This is not a fatal flaw to the whole scheme of things but the Minister should keep an eye on it because, as he quite rightly pointed out in his Second Stage speech, the whole purpose of the exercise with regard to briding finance is to reduce the cost to people. A close watch should be kept on how this actually works in practice and also in the context of further building society legislation to which the Minister referred to in his Second Stage speech and to which Members of the House are obviously committed. In those circumstances, I ask the Minister to keep a close watch on this because I am not sure that it is tightly enough drawn to meet the ideal situation.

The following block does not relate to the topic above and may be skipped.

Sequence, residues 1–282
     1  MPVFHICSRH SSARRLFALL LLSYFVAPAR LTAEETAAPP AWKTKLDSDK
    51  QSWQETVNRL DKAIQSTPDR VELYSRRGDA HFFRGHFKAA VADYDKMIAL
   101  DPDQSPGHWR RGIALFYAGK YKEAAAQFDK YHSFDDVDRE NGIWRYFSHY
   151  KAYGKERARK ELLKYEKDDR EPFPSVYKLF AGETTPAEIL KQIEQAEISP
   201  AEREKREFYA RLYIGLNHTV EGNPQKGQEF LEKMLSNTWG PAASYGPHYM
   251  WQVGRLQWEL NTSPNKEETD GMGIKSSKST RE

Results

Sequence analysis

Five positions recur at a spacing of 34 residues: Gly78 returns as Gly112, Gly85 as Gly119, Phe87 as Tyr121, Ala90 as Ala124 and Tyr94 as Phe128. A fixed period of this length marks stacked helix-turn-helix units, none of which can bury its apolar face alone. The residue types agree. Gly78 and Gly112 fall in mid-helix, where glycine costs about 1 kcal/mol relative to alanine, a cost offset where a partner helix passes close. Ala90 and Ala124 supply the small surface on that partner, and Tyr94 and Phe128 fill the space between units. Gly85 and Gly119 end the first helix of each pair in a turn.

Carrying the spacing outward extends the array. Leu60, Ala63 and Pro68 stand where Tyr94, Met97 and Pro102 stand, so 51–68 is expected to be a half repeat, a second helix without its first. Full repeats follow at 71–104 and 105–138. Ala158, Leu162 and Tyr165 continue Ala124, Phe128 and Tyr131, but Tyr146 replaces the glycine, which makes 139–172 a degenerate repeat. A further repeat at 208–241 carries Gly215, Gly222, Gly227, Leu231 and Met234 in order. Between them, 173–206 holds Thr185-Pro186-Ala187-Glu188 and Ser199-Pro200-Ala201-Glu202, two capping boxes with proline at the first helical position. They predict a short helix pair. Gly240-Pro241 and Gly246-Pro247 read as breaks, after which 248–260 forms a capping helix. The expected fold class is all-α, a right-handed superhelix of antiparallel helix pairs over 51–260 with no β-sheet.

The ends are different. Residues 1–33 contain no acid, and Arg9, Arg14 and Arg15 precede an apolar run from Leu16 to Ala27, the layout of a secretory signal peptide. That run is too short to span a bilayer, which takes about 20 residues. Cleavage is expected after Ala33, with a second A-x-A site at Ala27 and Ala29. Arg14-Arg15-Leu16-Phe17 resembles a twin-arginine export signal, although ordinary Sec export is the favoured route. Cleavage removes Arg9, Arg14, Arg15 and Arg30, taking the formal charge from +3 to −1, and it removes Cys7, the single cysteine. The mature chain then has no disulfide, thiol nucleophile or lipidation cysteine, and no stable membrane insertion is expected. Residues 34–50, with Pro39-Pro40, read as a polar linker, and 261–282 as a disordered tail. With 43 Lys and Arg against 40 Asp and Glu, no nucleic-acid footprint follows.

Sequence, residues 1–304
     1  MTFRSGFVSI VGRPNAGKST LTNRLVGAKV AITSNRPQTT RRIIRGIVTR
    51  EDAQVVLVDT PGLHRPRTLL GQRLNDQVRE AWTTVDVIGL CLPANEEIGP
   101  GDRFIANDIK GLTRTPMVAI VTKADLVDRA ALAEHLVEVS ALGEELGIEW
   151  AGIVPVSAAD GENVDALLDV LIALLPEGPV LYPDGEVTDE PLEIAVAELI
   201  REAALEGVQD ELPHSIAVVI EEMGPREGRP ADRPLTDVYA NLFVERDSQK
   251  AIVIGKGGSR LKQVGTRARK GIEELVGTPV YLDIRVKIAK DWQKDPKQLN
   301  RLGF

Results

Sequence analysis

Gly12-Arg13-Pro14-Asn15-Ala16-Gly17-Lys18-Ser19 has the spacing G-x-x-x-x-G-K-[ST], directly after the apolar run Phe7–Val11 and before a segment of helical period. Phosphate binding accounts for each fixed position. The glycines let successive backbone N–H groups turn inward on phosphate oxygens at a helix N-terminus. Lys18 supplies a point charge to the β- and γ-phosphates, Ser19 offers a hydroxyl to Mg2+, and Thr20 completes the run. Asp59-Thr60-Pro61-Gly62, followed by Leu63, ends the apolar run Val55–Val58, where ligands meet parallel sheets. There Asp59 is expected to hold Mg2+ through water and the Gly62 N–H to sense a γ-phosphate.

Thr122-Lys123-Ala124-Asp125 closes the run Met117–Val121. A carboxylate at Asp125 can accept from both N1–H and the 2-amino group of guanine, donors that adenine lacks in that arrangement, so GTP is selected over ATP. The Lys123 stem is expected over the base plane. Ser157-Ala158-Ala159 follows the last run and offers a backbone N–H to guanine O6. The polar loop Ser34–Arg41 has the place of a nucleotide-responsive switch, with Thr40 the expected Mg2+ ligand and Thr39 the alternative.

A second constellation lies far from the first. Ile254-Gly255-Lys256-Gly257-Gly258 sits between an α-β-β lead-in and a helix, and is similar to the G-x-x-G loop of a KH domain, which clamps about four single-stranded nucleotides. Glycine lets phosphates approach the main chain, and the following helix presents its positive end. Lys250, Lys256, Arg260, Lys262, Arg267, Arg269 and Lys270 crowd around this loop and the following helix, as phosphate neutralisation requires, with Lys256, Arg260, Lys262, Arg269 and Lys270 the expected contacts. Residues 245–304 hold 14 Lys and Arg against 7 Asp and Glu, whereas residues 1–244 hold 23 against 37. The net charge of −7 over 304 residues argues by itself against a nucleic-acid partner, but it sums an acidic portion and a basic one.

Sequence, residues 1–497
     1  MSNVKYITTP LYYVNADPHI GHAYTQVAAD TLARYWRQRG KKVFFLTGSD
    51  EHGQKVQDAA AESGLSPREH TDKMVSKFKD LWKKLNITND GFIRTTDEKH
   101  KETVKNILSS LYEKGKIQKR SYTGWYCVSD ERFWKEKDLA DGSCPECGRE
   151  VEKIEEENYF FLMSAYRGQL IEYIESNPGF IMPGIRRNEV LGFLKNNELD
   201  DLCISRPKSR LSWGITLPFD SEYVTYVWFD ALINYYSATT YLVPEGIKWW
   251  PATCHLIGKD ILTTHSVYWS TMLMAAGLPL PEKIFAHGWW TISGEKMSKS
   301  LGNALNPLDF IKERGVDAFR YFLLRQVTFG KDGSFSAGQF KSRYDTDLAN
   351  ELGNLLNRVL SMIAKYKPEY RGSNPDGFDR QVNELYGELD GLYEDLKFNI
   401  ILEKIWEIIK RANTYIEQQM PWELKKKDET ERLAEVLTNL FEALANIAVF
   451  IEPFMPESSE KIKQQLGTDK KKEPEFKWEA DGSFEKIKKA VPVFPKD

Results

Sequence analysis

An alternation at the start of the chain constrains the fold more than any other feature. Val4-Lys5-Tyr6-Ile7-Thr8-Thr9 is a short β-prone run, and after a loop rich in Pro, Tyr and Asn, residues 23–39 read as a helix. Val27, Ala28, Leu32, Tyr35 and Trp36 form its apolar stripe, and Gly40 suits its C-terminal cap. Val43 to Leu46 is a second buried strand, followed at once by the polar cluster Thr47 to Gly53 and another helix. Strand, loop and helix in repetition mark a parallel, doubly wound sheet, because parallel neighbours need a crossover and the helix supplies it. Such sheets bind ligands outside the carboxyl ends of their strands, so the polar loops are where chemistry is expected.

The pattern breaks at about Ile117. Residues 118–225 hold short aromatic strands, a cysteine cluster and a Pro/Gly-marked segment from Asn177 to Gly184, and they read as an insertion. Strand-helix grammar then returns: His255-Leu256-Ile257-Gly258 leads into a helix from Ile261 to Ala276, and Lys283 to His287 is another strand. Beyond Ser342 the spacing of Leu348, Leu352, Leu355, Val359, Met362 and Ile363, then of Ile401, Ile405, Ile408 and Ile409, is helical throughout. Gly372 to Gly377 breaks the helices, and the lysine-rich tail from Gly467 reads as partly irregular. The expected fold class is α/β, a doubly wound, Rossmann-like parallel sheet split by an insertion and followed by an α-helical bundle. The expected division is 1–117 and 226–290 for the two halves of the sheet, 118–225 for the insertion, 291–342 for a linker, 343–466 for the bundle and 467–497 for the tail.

[812] Mr. Boland: I understand the point the Senator is making but I have been relying on the general regulatory power of the Minister under section 3 and the new areas of lending which may be made available to the societies are dependent on the Minister making regulations empowering them to do so. I indicated from the outset that bridging finance was the first of those areas. Four of the societies in their submission indicated that they believed they could make bridging finance available at a cheaper rate than is currently available from the financial institutions. It would be reasonable for the Minister to decide, based on the experience of seeing the societies operate that new responsibility, what other areas of lending to allow them to enter into.